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« on: November 18, 2007, 05:41:15 AM »
You seem like a great guy so I wish you the best Bearly. I'm a bit sick and tired of hearing how I'm a flame, troll and a liar all the time so as for the topic, I'm just gonna say @#!* it. You know my story anyway. Point is, it can be done and I hope you get into one of the schools you'd prefer
« on: November 13, 2007, 09:50:26 AM »
Am I the only one who sees the value and utility of a white box computer you build yourself to suit your specific needs? It's cheaper than the junk Dell and Mac sell, and doesn't come with all sorts of extra components and add-ons you'll never use. Plus, assuming you know what you're doing, it will be more reliable and look cooler. Also, you can stuff it with customized open source software (such as Linux and Open Office) that is more functional than the pre-installed crap and more stable.
Plus, you get the satisfaction of not feeling like a complete tool whenever you boot-up.
No you're not
« on: November 13, 2007, 07:34:04 AM »
Good to see Wachtell still pays 100% bonus as I thought. Had a lengthy discussion with an "insider" about this here on LSD last year. I like being right!
« on: November 13, 2007, 07:28:20 AM »
I'm pretty sure not every school requires you to sign a binding contract when you defer. And it's quite possible that others have been accepted already and simply don't post on LSD. No benefit of the doubt and all that?
NYU's deferral is binding.
Mine certainly wasn't. Not sure if that's the general or exception though.
« on: November 12, 2007, 09:46:45 AM »
I already answered the question... doesn't matter if the security guard is a thief, that's not what the question is about. Read four posts up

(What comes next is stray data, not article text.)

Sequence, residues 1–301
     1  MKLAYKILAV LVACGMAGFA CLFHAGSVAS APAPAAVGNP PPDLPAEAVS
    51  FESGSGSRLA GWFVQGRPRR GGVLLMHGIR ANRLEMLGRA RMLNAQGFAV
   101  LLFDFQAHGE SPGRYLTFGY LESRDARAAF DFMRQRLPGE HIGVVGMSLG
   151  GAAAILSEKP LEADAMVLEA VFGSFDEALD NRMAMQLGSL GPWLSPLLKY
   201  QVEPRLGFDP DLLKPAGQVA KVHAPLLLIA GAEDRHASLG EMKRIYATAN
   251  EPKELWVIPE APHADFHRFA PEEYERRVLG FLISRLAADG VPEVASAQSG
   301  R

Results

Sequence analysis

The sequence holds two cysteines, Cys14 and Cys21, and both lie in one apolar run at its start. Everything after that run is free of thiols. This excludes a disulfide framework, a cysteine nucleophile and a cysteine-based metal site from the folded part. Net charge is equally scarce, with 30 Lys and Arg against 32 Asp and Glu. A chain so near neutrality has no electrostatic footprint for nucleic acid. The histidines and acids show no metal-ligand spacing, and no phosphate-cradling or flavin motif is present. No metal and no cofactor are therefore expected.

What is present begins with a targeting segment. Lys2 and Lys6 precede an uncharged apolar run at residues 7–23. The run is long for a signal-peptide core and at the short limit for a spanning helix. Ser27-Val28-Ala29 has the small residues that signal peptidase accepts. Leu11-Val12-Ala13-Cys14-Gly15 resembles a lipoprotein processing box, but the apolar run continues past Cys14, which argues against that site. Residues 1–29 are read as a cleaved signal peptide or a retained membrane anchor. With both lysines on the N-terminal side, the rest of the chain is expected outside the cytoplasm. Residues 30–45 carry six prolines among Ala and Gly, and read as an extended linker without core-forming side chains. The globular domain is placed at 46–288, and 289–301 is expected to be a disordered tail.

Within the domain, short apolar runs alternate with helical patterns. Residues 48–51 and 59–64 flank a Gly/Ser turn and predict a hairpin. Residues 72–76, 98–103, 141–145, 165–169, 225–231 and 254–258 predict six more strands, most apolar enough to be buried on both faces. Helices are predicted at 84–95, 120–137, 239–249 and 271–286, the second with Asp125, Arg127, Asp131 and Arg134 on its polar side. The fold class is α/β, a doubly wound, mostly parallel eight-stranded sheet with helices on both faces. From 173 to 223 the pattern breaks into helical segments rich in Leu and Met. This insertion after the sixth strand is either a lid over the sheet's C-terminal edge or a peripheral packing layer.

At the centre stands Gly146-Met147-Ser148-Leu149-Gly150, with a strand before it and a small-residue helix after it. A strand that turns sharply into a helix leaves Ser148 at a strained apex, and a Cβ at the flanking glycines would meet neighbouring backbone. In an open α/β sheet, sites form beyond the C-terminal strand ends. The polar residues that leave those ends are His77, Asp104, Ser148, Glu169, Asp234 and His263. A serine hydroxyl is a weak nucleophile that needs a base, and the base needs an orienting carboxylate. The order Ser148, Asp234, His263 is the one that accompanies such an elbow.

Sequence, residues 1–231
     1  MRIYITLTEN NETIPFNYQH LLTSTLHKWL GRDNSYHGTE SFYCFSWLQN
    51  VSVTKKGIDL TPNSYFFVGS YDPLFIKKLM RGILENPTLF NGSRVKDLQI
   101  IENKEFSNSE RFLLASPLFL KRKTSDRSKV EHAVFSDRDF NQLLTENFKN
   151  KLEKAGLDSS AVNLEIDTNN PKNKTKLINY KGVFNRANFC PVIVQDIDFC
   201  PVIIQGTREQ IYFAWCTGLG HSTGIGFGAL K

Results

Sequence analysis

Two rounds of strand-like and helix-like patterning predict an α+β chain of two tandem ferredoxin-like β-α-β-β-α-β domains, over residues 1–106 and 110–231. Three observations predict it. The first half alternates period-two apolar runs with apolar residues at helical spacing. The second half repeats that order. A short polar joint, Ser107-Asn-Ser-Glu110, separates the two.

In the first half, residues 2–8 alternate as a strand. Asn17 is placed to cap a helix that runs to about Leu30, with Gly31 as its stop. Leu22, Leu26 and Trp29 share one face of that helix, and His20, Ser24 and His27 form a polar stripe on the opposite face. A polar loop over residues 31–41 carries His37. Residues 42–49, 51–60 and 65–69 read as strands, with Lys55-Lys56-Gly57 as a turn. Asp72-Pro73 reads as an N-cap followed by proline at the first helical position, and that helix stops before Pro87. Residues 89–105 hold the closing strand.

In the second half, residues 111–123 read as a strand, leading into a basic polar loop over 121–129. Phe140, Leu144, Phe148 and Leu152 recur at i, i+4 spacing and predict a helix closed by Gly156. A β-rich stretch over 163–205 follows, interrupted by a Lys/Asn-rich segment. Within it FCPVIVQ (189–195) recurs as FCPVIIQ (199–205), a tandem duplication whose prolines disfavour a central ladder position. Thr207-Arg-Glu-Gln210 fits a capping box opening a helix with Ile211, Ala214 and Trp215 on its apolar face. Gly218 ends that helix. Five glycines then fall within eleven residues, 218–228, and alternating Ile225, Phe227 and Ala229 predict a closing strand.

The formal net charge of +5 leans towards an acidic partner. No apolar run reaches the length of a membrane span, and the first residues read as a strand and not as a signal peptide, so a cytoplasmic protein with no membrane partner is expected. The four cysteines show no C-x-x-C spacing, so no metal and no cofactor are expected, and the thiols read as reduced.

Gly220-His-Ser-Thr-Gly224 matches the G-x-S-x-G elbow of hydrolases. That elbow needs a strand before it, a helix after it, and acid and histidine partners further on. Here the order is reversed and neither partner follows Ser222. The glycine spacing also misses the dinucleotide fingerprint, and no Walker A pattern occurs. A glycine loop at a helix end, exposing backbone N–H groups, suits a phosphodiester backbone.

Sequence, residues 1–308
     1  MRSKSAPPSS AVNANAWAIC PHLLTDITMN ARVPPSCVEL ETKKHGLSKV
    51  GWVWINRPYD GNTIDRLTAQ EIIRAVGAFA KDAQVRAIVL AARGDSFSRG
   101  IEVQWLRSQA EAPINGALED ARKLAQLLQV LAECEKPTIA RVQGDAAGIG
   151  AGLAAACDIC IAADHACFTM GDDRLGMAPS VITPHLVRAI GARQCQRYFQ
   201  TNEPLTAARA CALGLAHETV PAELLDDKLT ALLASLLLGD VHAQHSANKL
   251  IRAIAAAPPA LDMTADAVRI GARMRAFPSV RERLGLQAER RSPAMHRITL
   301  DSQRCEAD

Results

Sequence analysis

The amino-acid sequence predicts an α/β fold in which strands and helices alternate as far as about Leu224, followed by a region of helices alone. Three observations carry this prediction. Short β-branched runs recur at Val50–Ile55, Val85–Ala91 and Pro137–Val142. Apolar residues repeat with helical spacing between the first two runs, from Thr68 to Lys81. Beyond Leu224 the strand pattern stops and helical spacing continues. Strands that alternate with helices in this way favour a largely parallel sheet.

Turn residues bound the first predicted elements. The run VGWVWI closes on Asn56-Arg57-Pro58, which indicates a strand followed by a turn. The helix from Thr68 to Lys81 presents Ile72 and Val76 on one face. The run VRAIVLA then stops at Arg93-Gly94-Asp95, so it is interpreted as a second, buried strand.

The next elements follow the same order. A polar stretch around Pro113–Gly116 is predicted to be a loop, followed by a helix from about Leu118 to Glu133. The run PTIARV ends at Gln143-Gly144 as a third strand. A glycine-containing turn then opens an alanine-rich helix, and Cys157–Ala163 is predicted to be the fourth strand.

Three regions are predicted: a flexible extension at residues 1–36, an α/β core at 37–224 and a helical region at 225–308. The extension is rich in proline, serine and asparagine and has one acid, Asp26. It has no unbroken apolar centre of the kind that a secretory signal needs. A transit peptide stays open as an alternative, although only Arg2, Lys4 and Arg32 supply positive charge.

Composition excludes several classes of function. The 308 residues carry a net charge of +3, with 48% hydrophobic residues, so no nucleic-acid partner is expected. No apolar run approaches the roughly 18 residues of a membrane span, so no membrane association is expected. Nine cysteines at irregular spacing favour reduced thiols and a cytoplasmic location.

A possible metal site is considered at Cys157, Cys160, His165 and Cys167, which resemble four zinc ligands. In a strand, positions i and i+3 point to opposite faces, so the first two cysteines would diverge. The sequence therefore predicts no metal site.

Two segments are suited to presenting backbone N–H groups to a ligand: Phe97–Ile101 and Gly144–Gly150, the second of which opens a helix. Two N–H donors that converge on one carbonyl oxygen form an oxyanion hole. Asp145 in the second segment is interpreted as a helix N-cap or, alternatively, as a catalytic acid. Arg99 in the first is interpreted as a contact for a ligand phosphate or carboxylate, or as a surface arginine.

« on: November 12, 2007, 09:42:58 AM »
I've begun correspondence with miss doodoo, noting that I have a good deal of capital to invest in her ventures.
Oh, I've got a good deal of capital to invest in her venture too!
« on: November 11, 2007, 05:56:26 PM »
(1) every law school must be non-profit in organization
Uh. No. Commie!
(2) every law school must be closely affiliated with an existing nationally-accredited university.
Even more no.
« on: November 11, 2007, 05:53:57 PM »
I'm really struggling to understand this law student obsession with macs. I know Apple has been good at marketing them as hip and trendy, but I really hope my fellow students look a bit deeper than that.
They are simply better computers. I've owned a wide range of laptops and desktops and Apple simply makes the best. More user-friendly, amazing customer support, built better... and the best part, they don't run Windows (at least not natively anyway). I don't care how hip or trendy they look, but if you've ever used one, and you've got an open mind, there's absolutely no reason you'd ever go back. Unless you wanted to play a ton of computer games...
Heh. Oh well, I don't even know how to answer that. I've used both macs and pcs for a good 15 years now, and this "mac is simply better" thing gets dumber and dumber every time I hear it. Yet, back to more relevant points. As a lawyer you will be using a PC, why wouldn't you use the same thing in law school?
OS X is definitely the best operating system I've ever used, and I think it is perfect for law students. There's a lot of things about my Mac that make me more productive and help save time. Even as someone who considers himself very computer literate, the fact that things are generally easier and simpler on a Mac is very valuable now that I'm a law student and don't have as much time to screw around with my computer.
Riiight. Such as?
« on: November 11, 2007, 05:49:31 PM »
Hmm, I found June test to be pretty easy
« on: November 11, 2007, 03:44:14 PM »
I'm glad you asked this question before having a LSAT score, because it makes so much sense then.
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